So Alex has been sensitized to violence. There is an ethical question here of course, as his total feedom of choice has been compromised permanently by the procedure he was subjected to at the prison.
Alex does try to go back to his prior life, but a child’s worst nightmare is real: His parents have rented out his room while he’s been gone. His former mates and enemies have become policemen, a strange turn of events when they are called to the scene where Alex, in a bar, is beaten up by older men. Of course his friends haven’t changed; they simply can do legally what they did before–beat up on their captives. When Alex, broken and bloody, stumbles into a house looking for help, he finds it. But it is where he and his cohorts have beaten and raped before, though the man doesn’t recognize him. The man also is anti-government, and is thrilled to find Alex who represents victimization by the government. Once more, Alex cannot escape. He fails at a second suicide attempt.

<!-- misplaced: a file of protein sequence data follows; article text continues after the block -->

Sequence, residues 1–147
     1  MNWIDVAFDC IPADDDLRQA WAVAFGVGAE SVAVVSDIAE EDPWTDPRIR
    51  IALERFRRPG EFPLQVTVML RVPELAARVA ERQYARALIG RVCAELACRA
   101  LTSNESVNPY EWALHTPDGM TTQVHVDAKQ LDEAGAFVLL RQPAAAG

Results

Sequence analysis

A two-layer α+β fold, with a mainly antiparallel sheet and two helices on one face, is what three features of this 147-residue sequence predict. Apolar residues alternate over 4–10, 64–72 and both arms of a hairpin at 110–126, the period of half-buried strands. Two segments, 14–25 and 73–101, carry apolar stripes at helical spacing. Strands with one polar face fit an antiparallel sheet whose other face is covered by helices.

Alex’s despair is over the loss of his former life, and that includes his parents, any form of friendship or love, and his ability to enjoy as well as get money from bullying others. He feels abused and alone, though others are anxious to use him to protest government power.
So which is right? If Alex was left alone, there’s no doubt he would be up to his old life and likely imprisoned again. But that would be up to his own choice to do. As he is, he cannot help but change, forced by the changes made to his mind. However, he is allowed to be free–at least to change, and he is not a threat to society. Interesting questions here as to the rights of the individual versus the whole.
Brings to mind Ursula K. LeGuin’s The Ones Who Walk Away From Omelas, and for now, Alex is the scapegoat, held as a poster child for the future of crime and punishment.